PE doctor who underwent COVID-19-linked lung transplant has died

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One of the first COVID-19 patients to receive a lung transplant in South Africa has died. Much-loved Gqeberha (Port Elizabeth) anaesthetist Dr Michiel Botha underwent the ground-breaking surgery in February, reports The Herald. Botha, 61, had initially been recovering well post-surgery at the Netcare Milpark Hospital in Johannesburg but succumbed to complications on Tuesday night.

Friends, family and colleagues in the medical fraternity described him as a man loved by everyone and who stood for women in everything he did. In a career spanning more than 30 years, Botha worked at various hospitals across the city.

Botha continued with his duties at St George’s Hospital until he was diagnosed with COVID-19 on 19 November. Soon afterwards, he was admitted to a ward and spent about a week there until he was transferred to ICU and put on a ventilator.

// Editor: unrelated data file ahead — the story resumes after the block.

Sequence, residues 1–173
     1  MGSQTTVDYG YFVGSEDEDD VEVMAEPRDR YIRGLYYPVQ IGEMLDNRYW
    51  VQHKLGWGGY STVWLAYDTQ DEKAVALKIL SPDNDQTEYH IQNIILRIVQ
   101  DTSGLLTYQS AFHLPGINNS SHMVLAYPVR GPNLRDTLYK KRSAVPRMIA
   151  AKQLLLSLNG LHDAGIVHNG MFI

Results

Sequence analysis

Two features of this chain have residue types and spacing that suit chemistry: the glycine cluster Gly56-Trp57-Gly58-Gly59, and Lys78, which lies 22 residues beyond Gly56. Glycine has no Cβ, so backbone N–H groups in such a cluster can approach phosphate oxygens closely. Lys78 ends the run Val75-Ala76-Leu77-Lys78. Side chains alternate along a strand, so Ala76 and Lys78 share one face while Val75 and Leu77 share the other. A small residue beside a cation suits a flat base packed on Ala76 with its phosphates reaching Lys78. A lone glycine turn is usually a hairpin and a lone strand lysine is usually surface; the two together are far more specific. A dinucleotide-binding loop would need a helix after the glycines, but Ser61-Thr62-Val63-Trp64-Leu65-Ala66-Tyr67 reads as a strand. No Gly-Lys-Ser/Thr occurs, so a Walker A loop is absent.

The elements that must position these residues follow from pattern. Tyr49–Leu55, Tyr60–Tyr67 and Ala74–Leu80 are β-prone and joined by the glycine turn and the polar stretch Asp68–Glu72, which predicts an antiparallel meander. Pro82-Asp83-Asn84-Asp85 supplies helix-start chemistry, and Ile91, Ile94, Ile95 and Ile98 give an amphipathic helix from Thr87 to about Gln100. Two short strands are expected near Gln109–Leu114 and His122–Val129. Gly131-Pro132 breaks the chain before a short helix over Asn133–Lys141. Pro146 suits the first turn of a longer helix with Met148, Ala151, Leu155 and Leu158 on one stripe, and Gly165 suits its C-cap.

In mid-December, he was airlifted by a specialist medical team and transferred to the Netcare Milpark Hospital, where he was connected to an ECMO (extra-corporeal membrane oxygenation) machine.

A friend and colleague of 21 years, nursing sister Dawn Scheepers said he was kept alive by this machine and a ventilator until a cadaver lung from a patient who had been in a car accident became available on 7 February. She said at one stage he was improving so much that the family believed he was on the home stretch.

Gqeberha gynaecologist and obstetrician Dr Daniel Truter, who worked alongside Botha for about eight years, described him as a warm and caring professional who loved working in maternity with patients who went into labour.

Truter said Botha had a wonderful sense of humour and always lightened the mood. “He was always willing to come out at any time of the day or weekends to do epidurals. He had a great relationship with the maternity staff – they were very close.”

“He will be sorely missed by hospital staff, he had a good way with nursing staff, (he was) very respectful with patients and just his willingness to work whenever was amazing,” Truter said.

 

Full report in The Herald (Open access)


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